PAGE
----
Pura Tirta Empul, which means "bubbling spring", describes pretty well what to expect here. The temple complex is one of Bali's holiest and most important, as well as being one of the nine state temples. This one is best known for its holy spring water, which is why Hindu believers regularly arrive to cleanse themselves and rid themselves of illnesses and problems. Thus, after the royal tombs Gunung Kawi, our way led us to this breathtaking sacred site.
At the entrance of the complex 30,000 IDR per person (~ 2 $) are due and again you are provided with a sarong if you are not dressed appropriately! In most temples, long pants, a skirt or a sarong must be worn! After a few meters, you reach two water basins that date back to 962. The two basins - men and women are separated - are fed with the holy water by 15 fountains. Anyone can participate in the ritual ablution, while valuables can be stored in a locker. During the ablution, special orders and rituals must be followed, for example, all fountains are worshipped except the last two, because these are reserved for funeral ceremonies. At each fountain, the hands must also be held in such a way as to catch the water. Then, one holds the face three times in the accumulated water and pours it backwards over the head, finally holding the head under the jet of water.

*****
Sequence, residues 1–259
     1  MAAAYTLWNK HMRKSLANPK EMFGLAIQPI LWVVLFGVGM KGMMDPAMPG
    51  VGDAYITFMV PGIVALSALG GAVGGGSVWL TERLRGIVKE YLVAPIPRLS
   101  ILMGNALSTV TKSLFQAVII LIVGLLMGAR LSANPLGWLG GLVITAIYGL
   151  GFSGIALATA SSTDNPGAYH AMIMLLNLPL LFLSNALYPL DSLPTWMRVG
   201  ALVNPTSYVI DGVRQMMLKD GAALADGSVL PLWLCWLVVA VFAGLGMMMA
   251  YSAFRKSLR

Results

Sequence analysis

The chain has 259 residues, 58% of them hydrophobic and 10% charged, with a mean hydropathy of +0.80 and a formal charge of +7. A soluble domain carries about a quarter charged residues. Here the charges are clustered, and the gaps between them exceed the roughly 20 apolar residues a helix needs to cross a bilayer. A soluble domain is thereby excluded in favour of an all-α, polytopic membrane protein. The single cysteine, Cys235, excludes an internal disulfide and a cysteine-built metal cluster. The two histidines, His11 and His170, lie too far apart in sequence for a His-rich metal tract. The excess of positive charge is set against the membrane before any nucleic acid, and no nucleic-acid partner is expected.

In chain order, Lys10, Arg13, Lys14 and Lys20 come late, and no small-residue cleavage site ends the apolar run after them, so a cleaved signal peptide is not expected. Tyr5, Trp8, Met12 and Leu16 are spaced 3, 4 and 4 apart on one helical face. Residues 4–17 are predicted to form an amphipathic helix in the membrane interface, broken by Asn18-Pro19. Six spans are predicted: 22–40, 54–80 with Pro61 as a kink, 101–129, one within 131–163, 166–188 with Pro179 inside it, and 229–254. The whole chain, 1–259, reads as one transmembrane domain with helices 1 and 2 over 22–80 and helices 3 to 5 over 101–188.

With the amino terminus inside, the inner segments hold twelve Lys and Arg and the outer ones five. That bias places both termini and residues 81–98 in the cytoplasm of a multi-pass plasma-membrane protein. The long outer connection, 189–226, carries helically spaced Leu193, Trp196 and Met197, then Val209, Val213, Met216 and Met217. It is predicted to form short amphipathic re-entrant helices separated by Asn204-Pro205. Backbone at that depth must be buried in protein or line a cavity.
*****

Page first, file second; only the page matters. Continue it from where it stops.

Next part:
The temple is dedicated to the deity Vishnu, who is considered the most important deity in Hinduism. The position of the deity, as well as the temple itself, is also shown by the sacred tree in the front part, the countless statues and the sacred hall. About the origin of this temple complex, old legends say that in the earliest times a demonic and powerful ruler named Mayadenawa lived in this place. It was said that he was invincible, so the god Indra sent a spy, but he was unmasked. Enraged, Mayadenawa declared war. He poisoned the water overnight and so did Indra's soldiers. To save the soldiers, Indra created the sacred springs. To escape the soldiers, the ruler changed his form and turned into stone. However, he could not deceive the god Indra and so he was shot by him. His blood became the river Petanu!
Fascinated by the impressions, we marveled at the repeated ritual ablutions, accompanied by the rippling water, before we made our way back. This leads past some food stalls, where we strengthened ourselves and watched the giant koi in the water. After the short breather we drove with our scooter over the Tegalalang rice terraces back towards Ubud.